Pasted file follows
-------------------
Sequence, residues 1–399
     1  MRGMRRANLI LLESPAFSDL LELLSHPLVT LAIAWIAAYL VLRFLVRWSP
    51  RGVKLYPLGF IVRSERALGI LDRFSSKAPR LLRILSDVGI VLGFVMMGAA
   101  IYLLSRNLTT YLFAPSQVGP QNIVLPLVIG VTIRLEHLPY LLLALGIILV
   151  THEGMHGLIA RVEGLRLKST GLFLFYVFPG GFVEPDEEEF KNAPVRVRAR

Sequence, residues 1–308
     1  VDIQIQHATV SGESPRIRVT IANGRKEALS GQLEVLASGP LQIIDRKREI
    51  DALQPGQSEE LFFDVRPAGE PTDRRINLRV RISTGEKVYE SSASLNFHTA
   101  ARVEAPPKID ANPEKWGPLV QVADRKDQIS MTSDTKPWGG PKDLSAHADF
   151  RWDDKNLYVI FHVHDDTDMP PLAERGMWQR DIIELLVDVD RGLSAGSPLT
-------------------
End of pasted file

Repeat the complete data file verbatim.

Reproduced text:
Sequence, residues 1–399
     1  MRGMRRANLI LLESPAFSDL LELLSHPLVT LAIAWIAAYL VLRFLVRWSP
    51  RGVKLYPLGF IVRSERALGI LDRFSSKAPR LLRILSDVGI VLGFVMMGAA
   101  IYLLSRNLTT YLFAPSQVGP QNIVLPLVIG VTIRLEHLPY LLLALGIILV
   151  THEGMHGLIA RVEGLRLKST GLFLFYVFPG GFVEPDEEEF KNAPVRVRAR

Sequence, residues 1–308
     1  VDIQIQHATV SGESPRIRVT IANGRKEALS GQLEVLASGP LQIIDRKREI
    51  DALQPGQSEE LFFDVRPAGE PTDRRINLRV RISTGEKVYE SSASLNFHTA
   101  ARVEAPPKID ANPEKWGPLV QVADRKDQIS MTSDTKPWGG PKDLSAHADF
   151  RWDDKNLYVI FHVHDDTDMP PLAERGMWQR DIIELLVDVD RGLSAGSPLT